The F1 teams have revealed their verdict regarding Andretti Global’s proposed entry onto the grid for the 2025 and 2026 seasons

Martin Brundle has claimed that there is ‘lots of rationale’ behind F1’s decision to reject Andretti Global’s proposed entry onto the grid for the 2025 and 2026 seasons. The news broke on Wednesday after the American constructor had completed work on a full-scale car that adhered to the current technical regulations.

The FIA has been keen to admit Andretti onto the F1 grid, green-lighting the project during the latter stages of 2023. However, the ten teams that make up the sport have been much harder to convince, and on 31 January 2024, they decided to reject the application.

Andretti is one of the most famous names in motorsport and would have brought unrivalled interest from the United States into the world of F1. The team are currently competing successfully in IndyCar, Formula E and the IMSA SportsCar Championship, and were hoping to expand their involvement into the world’s premier open-wheel category.


According to the teams, the main motivation behind rejecting Andretti’s application was a perceived lack of value brought to the sport by the American team. They also cited concerns over their ability to be competitive so close to the end of the current regulation period.

Speaking about the debacle on Sky Sports News, Brundle explained: “They’re quite rightly saying that for Andretti as a new team, ‘novice’, as they called them, to build a brand-new car for 2025 and then when the regulations change fundamentally for 2026 to start all over again, it’s too much of a tall order.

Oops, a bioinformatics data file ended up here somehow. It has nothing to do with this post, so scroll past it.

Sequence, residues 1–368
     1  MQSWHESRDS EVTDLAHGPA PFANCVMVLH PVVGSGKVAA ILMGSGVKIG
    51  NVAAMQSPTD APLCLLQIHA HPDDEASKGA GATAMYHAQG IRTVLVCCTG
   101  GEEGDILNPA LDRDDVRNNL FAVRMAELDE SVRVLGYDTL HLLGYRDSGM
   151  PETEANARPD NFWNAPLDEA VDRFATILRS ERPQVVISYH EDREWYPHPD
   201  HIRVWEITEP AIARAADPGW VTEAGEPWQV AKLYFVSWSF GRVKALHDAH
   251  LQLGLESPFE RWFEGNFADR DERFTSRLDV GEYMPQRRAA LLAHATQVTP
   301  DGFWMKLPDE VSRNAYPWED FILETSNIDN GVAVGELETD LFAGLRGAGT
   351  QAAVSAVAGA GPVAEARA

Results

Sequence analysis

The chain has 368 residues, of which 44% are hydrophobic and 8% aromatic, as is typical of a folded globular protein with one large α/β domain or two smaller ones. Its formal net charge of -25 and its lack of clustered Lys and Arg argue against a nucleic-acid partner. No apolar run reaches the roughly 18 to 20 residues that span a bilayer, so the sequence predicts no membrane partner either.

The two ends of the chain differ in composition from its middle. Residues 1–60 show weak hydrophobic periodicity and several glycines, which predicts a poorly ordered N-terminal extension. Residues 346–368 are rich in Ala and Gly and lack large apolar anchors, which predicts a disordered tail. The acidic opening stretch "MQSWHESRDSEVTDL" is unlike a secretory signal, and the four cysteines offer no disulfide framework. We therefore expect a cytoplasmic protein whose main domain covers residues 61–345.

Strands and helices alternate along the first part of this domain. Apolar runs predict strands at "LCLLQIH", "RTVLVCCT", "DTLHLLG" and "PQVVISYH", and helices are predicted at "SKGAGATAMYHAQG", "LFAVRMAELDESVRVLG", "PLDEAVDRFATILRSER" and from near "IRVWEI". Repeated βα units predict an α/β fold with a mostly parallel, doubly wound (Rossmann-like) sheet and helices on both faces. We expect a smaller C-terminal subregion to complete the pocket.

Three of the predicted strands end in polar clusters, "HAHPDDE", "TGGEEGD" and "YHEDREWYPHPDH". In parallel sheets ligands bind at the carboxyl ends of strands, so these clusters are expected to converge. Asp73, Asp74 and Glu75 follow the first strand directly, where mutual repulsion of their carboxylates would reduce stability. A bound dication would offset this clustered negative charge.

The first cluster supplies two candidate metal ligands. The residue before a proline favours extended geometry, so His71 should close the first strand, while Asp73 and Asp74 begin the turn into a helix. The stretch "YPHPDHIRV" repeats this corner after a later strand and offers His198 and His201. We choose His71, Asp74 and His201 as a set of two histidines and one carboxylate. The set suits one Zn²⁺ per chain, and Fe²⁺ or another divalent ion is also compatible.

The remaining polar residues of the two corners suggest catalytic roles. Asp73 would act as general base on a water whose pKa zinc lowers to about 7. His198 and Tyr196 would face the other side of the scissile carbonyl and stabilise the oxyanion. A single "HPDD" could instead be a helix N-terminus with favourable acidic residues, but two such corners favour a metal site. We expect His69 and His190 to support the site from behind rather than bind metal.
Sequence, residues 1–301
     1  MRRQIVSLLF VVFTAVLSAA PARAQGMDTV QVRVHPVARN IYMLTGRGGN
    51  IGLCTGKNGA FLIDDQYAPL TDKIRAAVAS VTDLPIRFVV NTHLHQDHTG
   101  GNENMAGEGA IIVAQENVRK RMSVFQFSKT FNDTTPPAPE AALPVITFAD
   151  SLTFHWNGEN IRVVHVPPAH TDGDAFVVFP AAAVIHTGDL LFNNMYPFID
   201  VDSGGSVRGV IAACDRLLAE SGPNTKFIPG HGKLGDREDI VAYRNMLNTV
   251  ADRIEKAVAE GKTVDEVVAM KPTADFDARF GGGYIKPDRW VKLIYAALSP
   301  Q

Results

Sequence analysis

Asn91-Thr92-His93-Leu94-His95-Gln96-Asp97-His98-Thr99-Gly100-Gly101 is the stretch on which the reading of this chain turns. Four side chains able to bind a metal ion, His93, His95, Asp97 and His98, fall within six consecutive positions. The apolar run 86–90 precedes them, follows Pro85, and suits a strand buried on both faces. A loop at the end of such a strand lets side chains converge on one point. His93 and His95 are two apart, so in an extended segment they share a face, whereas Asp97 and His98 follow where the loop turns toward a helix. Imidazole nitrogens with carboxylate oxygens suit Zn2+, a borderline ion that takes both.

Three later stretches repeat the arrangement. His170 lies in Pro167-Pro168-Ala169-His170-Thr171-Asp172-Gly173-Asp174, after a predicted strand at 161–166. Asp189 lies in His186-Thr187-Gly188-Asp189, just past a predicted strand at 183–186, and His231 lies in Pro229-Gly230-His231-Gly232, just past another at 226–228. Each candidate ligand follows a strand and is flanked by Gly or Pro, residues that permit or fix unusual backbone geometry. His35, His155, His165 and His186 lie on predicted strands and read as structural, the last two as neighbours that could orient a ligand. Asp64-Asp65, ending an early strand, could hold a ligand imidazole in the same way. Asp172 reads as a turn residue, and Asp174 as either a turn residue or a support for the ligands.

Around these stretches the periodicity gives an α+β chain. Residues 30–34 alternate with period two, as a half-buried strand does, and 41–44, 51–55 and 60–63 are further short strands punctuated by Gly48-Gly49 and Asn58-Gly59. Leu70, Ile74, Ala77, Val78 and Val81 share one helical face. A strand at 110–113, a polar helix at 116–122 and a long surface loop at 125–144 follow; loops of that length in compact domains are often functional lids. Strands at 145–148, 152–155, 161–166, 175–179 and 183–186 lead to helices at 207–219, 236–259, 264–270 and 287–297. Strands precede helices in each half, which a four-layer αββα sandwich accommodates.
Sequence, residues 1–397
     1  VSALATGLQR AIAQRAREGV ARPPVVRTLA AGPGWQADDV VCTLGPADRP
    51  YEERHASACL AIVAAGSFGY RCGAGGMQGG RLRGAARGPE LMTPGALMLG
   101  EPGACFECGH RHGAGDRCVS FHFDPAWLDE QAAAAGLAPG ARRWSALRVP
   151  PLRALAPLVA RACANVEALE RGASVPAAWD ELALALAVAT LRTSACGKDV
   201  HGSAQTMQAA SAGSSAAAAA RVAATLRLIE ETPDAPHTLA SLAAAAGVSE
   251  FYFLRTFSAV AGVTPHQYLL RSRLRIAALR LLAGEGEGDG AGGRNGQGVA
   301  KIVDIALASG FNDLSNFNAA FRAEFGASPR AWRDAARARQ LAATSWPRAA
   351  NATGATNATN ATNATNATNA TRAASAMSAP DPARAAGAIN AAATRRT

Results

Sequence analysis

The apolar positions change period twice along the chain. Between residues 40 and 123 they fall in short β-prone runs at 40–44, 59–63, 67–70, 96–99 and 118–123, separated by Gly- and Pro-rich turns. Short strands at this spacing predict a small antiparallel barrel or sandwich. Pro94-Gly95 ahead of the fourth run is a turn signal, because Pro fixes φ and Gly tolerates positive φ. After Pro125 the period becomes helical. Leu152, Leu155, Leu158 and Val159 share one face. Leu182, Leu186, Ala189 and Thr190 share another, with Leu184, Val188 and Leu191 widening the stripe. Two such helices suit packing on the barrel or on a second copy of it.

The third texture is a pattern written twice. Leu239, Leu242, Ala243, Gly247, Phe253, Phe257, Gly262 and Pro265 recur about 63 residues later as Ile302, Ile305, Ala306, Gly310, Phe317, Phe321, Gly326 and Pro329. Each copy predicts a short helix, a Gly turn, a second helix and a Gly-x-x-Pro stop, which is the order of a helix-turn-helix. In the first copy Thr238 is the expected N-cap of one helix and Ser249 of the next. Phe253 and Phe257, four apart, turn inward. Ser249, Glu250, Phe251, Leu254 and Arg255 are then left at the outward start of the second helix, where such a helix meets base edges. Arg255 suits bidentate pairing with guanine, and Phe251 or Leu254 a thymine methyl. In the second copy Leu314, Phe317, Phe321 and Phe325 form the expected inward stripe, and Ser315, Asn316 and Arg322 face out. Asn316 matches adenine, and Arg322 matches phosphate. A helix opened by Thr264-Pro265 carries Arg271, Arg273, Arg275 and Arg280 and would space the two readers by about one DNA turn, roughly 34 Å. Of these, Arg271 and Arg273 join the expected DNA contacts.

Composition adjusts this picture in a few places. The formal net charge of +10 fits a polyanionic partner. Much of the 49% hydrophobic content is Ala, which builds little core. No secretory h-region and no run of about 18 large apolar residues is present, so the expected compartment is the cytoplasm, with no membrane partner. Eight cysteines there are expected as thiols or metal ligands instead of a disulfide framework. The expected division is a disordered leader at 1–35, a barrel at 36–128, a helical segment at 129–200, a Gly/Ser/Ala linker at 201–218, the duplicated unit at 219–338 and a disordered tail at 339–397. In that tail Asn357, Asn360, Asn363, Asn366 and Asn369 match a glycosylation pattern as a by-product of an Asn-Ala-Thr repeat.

They think they won’t be competitive. Andretti will no doubt say, ‘Well, give us a chance. We’re a mighty organisation with a lot of funding, we’ll show you what we can do and look at some of the other teams on the grid’ – so this is going to run for a good while.

Also, a really punchy line in there says that ‘this would do more for the Andretti brand than it would for Formula One’. Of course, there’s the logistics too of getting an extra team in the pit lane and around the world for what is a 24-race calendar this year.

“It’s not just as easy as going: ‘Well, yeah, let’s just put two more cars on the grid.’ We’ve got to get them on the grid, have a garage, have a pit lane big enough, and so on and so forth. So I’d say lots of rationale

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